Then we added the comments sections, and we started to hear from our readers. And hear, and hear, and hear. And we were delighted. No, seriously. We love the comments section. We love hearing from you. And we love that the pieces we post are starting points for longer, deeper discussions. The A.V. Club name began as a bit of self-deprecation, but we’ve come to take the “club” aspect seriously. It’s your site too.

Up to a point. Here’s the deal: We strive to cover pop culture with intelligence and wit, and we assume that that’s what brought you here in the first place. It’s our obligation to make sure the site reflects that goal, and abusive/offensive/obscene posts just don’t contribute to that. These are the posts we delete, and we reserve the right to define those terms however we see fit.

We’re here because we can’t stop writing about our obsessions with music, movies, video games, and the like. Let’s keep the focus there. There’s a lot more that unites us than divides us, so do we really want to get bogged down in tedious internecine battles over the right to use racial slurs or talk about the fuckability of our interview subjects?

While we reserve the right to delete any comments, these are the things we’re most likely to target:

  • Flagrant attacks on other commentators, staffers, or interview / review subjects, particularly aggressive, insulting posts with absolutely no other point to make. Unacceptable: “You’re a dick!” Acceptable: “Only a dick would watch Con Air six times in a row!” Better: “You watched Con Air six times?! You should’ve taken IQ tests before and after to see how it affected you.”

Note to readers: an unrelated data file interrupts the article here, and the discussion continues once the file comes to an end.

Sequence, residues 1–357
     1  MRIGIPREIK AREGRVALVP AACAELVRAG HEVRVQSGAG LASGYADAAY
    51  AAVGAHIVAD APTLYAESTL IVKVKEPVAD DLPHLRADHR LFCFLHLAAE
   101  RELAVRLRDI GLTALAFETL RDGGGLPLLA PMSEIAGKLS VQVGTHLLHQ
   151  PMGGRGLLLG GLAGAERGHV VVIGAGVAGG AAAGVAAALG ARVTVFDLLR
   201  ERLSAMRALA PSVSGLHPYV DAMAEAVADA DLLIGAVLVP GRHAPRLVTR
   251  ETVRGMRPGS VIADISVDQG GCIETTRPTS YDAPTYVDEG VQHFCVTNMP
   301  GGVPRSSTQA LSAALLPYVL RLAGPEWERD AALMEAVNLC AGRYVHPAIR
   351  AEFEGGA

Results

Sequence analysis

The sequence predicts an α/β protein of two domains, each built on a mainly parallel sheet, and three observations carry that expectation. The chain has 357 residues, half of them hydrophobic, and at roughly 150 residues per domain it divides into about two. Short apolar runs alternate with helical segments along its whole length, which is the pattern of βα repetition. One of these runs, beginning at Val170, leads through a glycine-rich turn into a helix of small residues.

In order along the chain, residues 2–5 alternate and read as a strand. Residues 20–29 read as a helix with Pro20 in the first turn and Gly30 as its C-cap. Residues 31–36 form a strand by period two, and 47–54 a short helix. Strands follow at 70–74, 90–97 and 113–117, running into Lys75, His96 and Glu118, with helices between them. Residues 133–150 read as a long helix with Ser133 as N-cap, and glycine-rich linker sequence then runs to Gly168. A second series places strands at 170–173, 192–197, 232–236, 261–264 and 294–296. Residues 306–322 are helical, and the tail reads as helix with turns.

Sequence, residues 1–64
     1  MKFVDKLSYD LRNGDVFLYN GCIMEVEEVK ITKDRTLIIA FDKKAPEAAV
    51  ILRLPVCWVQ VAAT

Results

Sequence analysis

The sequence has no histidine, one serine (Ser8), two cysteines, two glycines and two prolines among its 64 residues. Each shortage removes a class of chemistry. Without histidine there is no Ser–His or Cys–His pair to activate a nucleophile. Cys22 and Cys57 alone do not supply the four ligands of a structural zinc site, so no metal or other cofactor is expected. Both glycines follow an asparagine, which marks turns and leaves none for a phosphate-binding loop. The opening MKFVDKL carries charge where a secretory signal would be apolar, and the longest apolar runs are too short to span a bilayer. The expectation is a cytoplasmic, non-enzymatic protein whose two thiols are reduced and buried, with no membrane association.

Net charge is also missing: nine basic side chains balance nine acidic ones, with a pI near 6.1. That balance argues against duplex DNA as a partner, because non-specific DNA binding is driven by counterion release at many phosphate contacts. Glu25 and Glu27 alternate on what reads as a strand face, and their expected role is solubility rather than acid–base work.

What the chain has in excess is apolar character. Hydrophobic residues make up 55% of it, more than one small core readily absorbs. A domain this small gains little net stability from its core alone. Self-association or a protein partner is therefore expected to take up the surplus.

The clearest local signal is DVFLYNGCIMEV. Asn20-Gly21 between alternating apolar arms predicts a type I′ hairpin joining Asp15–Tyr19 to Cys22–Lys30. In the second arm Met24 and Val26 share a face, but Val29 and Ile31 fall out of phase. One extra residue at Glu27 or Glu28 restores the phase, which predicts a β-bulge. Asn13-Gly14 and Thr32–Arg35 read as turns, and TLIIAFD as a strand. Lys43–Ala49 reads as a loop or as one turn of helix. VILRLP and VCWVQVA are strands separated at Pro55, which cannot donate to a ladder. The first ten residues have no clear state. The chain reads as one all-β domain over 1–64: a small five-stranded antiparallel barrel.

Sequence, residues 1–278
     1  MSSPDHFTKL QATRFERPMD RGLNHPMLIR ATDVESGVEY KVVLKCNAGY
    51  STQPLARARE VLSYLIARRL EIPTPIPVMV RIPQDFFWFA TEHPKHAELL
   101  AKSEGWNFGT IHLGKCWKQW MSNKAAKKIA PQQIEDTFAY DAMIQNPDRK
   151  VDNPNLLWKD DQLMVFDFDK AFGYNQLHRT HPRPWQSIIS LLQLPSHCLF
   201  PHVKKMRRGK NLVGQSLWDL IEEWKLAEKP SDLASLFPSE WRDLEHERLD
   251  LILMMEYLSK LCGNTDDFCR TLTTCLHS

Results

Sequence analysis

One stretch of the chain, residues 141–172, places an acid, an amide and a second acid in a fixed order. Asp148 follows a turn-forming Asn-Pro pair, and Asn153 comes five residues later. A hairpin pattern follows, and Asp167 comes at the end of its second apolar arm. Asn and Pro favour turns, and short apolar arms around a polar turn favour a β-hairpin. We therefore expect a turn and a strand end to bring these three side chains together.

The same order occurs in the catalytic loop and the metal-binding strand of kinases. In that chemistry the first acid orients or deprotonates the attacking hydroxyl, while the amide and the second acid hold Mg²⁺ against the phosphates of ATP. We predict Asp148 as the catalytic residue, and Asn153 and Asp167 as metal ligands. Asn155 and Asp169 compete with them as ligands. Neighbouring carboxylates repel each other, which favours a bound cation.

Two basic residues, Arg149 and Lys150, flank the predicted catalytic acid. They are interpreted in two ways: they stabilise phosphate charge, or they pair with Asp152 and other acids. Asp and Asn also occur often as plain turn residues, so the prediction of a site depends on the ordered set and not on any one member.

• Offensive commentary on interview / review subjects, including but not limited to ad hominem thoughts on how they look, how they might smell, and exactly what you’d like to do to them in the sack. Hate on their work all you want, but attacking them for their appearance is childish, and providing detailed commentary on your sexual reaction to them is, well, icky. If you did that at our party at our house, you wouldn’t be invited back.
  • Racist, homophobic, or sexist remarks. Don’t assume that everyone else gets your sarcasm, irony, over-the-top tone, etc. Maybe if we knew you personally, we’d know that your consciously offensive statement is actually a gag, but you aren’t really like that in person. Online, it’s impossible to tell. Attack comments don’t get a free pass just because you “didn’t really mean it.”
  • Blatant trolling.
  • Blatant plugs for your own website that don’t relate to the topic at hand.

One more thing to keep in mind: We can’t be everywhere at once. So we don’t necessarily have time or attention to delete everything that might fit under our guidelines. And comments aren’t “moderated” here in the sense that someone has to actively approve them before they appear to the public. So just because an offensive comment made it past us doesn’t mean we actively approved of it, and it doesn’t mean we won’t delete similar comments in the future.

TL;DR answer: Be passionate, but be kind. Have fun. Learn from each other. And remember there is an actual human being on the other end of the line. The comments work best when people do these things.

Will you review my CD / book / movie / poetry / pottery?
Maybe. Probably not. But maybe. Please bear in mind that we’re presented with an enormous amount of material every day, so it’s simply impossible to respond to every item that crosses our desks, much less review it. Items for review consideration can be sent to The A.V. Club at our Chicago office (The A.V. Club, 730 N. Franklin St., 7th floor, Chicago, IL 60654), but we absolutely cannot guarantee that anything you send us will be covered.